3 years ago

Global perturbation of organic carbon cycling by river damming

Global perturbation of organic carbon cycling by river damming
Taylor Maavara, Philippe Van Cappellen, Pierre Regnier, Ronny Lauerwald
The damming of rivers represents one of the most far-reaching human modifications of the flows of water and associated matter from land to sea. Dam reservoirs are hotspots of sediment accumulation, primary productivity (P) and carbon mineralization (R) along the river continuum. Here we show that for the period 1970–2030, global carbon mineralization in reservoirs exceeds carbon fixation (P); the global P/R ratio, however, varies significantly, from 0.20 to 0.58 because of the changing age distribution of dams. We further estimate that at the start of the twenty-first century, in-reservoir burial plus mineralization eliminated 4.0±0.9 Tmol per year (48±11 Tg C per year) or 13% of total organic carbon (OC) carried by rivers to the oceans. Because of the ongoing boom in dam building, in particular in emerging economies, this value could rise to 6.9±1.5 Tmol per year (83±18 Tg C per year) or 19% by 2030.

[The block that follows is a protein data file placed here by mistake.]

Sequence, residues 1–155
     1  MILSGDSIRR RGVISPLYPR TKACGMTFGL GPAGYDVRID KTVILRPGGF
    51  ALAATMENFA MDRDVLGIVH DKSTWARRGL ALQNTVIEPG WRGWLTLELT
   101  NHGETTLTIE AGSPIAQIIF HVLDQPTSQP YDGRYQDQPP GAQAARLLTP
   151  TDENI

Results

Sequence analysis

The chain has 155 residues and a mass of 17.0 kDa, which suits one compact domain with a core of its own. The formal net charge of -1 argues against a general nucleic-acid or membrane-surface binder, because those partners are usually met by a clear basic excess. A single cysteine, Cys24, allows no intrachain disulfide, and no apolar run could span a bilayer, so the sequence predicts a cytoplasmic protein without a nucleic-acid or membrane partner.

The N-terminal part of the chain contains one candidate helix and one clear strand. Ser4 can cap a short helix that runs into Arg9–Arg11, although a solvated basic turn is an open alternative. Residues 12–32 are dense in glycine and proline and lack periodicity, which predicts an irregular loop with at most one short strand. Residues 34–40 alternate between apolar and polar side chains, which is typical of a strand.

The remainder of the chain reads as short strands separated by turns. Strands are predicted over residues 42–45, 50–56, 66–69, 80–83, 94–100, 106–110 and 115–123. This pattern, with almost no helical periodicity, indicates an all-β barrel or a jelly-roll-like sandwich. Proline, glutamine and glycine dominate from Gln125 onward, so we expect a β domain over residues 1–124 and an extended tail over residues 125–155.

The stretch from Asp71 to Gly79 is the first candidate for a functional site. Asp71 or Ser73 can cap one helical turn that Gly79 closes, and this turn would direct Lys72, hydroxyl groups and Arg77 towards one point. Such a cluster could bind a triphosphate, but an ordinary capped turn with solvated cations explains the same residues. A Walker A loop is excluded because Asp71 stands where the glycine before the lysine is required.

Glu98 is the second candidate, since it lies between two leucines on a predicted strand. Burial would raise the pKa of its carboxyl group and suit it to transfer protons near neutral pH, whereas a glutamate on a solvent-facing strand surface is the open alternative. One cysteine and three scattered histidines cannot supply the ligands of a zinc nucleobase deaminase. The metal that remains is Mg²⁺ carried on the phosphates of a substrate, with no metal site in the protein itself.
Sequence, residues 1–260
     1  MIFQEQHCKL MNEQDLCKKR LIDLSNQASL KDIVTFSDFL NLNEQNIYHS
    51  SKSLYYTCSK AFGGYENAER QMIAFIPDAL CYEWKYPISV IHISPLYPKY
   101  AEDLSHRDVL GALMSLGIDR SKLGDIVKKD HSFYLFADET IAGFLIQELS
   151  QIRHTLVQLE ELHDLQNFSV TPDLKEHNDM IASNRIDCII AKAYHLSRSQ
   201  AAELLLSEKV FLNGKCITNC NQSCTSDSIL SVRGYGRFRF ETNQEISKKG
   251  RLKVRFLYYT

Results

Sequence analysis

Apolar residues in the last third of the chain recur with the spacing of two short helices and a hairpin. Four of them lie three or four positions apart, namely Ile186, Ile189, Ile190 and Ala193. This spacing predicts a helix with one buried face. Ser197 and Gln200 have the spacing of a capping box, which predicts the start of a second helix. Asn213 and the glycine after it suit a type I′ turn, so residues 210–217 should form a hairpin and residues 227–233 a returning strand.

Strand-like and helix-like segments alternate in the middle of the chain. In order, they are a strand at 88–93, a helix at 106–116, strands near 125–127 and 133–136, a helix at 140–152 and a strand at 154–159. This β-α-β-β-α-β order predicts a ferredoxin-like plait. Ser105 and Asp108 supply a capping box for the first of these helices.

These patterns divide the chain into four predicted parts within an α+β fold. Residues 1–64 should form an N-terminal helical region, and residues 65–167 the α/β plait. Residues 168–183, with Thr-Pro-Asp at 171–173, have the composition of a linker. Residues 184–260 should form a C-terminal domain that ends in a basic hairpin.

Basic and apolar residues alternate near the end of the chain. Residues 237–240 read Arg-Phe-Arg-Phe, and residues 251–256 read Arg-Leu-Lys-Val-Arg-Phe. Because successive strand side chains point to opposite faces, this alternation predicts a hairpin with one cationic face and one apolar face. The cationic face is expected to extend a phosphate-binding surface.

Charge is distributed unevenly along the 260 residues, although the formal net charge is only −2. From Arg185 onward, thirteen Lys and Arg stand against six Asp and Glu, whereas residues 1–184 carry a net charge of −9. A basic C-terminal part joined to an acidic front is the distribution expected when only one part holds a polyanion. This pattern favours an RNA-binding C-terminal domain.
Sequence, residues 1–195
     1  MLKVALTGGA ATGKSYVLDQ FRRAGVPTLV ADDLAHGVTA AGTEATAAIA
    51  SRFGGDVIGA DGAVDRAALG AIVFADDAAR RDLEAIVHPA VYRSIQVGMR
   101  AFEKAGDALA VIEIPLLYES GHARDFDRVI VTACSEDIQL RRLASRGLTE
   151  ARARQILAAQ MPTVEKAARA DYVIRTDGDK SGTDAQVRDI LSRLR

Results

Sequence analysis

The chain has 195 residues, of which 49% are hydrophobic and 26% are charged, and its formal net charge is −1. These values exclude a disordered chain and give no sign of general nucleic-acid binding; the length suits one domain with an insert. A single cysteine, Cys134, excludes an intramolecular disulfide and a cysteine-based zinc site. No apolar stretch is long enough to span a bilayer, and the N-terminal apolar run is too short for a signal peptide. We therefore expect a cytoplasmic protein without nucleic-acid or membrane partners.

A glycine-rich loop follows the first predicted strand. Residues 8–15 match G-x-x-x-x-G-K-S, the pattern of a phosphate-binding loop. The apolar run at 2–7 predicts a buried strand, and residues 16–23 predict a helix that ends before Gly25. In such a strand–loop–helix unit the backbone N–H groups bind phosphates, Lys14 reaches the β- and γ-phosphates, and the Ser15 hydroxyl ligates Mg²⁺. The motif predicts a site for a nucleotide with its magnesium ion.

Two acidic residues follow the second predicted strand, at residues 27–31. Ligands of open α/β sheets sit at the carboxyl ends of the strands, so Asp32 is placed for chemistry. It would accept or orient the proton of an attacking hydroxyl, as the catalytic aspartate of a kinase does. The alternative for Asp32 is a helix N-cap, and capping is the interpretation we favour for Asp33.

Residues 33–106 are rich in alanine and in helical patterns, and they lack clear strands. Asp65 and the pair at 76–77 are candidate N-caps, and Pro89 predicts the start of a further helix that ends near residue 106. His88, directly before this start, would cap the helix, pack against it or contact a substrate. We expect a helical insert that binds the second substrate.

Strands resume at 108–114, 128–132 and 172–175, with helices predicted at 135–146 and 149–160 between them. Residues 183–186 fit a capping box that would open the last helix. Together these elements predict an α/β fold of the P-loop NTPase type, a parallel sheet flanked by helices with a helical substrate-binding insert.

Publisher URL: http://www.nature.com/articles/ncomms15347

DOI: 10.1038/ncomms15347

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